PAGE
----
Posts filed under ‘Heels’

Naomi Campbell for Vivienne Westwood: The Fall Heard (or Seen) ‘Round the World

The most infamous fall on a runway caused by extreme footwear happened to Naomi Campbell about 15 years ago, when she was walking for Vivienne Westwood. The quality of the video is not so great, but you do get a sense of how drastic it was.

Pretty nasty fall. Poor girl. At least a runway career improved after a fall. Enjoy Dave’s fitting commetary on the debacle.

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May 3, 2010 at 3:23 am Leave a comment

Dangerous runway shoes

models have to wear some high heeled shoes on the runway and sometimes it is hazardous. here is a favorite clip of mine of model agyness deyn falling on the runway. enjoy. i sure did.

May 3, 2010 at 12:07 am Leave a comment

Valentine’s Day…

Sorry for the pink deluge. I couln’t help myself.
louboutin

What can I say, I’m not made of stone. Happy Valentine’s Day everyone.

April 25, 2010 at 8:16 pm Leave a comment

Happy New Years!

In my constant struggle to appease my insatiable appetite for all things glittering and golden, I offfer here three equally fabulous and exorbitantly expensive footwear options for a New Year’s Eve party. While all of the shoes provide an impression of glitz, drama, and (modest) ostentation, none of the models veer-off into the realm of “trash-wear”. Bottom’s up.

Christian Louboutin

Matthew Williamson

Christian Louboutin

See the master in his domain!

April 25, 2010 at 3:04 am Leave a comment

Louis XIV Heel: Status and Seduction

Contrary to popular knowledge, Louis XIV of France was not the first prominent figure in history to institute the wearing of high-heels among the aristocracy. Previous to his reign, high-heeled shoes had been favoured by a variety of social strata throughout history (including Venetian royalty, Egyptian butchers, and Roman prostitutes). High heels were first introduced to the French Court by the Italian Catherine di Medici, as a way to augment her somewhat diminutive (she was under 5′ tall) stature at the court of her husband, the Duke of Orleans. Inevitably, high-heels came to be seen as a mark of wealth and status by the close of the 16th century.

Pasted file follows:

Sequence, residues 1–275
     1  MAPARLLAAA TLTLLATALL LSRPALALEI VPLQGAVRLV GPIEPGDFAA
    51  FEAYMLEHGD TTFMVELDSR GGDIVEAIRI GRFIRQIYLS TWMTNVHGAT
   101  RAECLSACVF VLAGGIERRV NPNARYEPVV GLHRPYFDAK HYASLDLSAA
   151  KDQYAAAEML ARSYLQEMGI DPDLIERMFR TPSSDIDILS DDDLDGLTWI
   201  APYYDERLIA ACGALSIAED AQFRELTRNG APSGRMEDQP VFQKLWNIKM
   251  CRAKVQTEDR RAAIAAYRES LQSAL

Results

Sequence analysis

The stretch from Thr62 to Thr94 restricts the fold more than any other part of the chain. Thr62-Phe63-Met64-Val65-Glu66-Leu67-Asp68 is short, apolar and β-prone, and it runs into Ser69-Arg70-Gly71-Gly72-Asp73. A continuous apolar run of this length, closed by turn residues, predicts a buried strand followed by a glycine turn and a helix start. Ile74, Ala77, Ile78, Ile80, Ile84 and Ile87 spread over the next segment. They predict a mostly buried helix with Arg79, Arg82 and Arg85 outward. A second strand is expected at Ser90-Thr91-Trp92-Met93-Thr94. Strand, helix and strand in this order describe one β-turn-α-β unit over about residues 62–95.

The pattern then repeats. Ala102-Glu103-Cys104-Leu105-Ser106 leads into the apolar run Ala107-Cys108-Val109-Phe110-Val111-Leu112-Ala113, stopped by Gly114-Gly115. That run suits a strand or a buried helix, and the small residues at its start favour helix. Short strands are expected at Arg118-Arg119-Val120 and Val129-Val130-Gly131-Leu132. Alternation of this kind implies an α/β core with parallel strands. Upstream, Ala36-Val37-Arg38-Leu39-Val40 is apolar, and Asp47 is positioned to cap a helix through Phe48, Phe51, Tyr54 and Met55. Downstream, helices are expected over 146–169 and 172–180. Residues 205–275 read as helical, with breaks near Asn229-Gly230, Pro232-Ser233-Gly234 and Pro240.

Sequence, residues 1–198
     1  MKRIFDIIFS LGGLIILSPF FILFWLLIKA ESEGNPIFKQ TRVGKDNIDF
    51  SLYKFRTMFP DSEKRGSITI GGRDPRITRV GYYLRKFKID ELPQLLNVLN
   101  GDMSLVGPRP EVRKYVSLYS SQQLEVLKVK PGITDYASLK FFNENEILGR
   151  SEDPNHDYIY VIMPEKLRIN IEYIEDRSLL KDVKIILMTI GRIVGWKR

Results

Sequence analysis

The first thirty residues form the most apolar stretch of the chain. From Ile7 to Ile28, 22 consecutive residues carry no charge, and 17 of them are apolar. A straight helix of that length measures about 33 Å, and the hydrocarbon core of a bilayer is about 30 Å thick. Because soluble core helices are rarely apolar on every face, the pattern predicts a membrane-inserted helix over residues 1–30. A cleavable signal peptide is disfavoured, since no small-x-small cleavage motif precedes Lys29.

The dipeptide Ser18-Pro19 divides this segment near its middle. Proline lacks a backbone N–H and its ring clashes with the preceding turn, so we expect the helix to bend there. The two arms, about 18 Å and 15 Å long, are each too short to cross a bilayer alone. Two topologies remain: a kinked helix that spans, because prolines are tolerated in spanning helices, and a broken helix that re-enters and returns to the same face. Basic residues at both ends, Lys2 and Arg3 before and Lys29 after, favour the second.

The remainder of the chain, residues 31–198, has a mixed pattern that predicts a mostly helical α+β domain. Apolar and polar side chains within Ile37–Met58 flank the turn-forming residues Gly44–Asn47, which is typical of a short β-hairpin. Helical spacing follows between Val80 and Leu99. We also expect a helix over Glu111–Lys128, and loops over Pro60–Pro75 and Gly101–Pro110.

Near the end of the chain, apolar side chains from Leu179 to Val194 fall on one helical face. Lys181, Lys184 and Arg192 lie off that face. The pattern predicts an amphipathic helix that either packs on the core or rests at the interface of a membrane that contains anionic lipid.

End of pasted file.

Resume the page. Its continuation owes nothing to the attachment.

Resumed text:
Louis XVI’s adoption of the high-heeled shoe (for himself and those at his court) was notoriously spectacular. He ordered intricate, ornate shoes made, which would often include entire battle scenes carved into the heel. Declarations in regards to high heel decorum (only the aristocracy were permitted to wear red heels, no heel was to be higher than the King’s) were frequent occurrences at court. The high-heel synonymous with the rule of “The Sun King” achieved a cult fetish following amongst the elite and bourgeoisie alike. Various authors eroticized the high in their works, and fashionable women of the time would often bind their feet to easier fit into the high, narrow models favored at court.

Green Louis XVI

The eventual backlash against the high-heel in its aristocratic incarnation occurred during the French Revolution (in a somewhat telling gesture, Marie Antoinette ascended the scaffold wearing 2-inch heels). In favour of pursuing equality under his reign, Napoleon “banished” the heel from French society. Though the Louis heel has been reduced to an ornate, exquisite (and often torturous) artifact, the high heel continues to be an emblem of rank, entitlement, and sexuality.

Gold Louis XIV

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April 25, 2010 at 12:27 am Leave a comment

Flavor in your heel!

Fun fact: “men’s shoes were replaced by shoes worn with spats – a modern version of the 17th century, spatterdashes. However, women’s shoes had narrow toes and high heels. Buttoned boots were worn with most daytime outfits, and shoes made from fine leather or fabric were worn in the evening.” The Cuban Heels pictured above are available at Macys stores nationwide and make a a great and comfortable wear at the office or a nice outting with friends.

All Hail to the Native Americans for wearing these slipperlike, warm and comfortable Moccasins which come in neutral colors; find them at Overstock.com for great prices! I personally like the decorated beading – great attention to detail!

January 4, 2010 at 3:36 am Leave a comment


Shoe of the day

theme shoe

Frye: Carson Shortie

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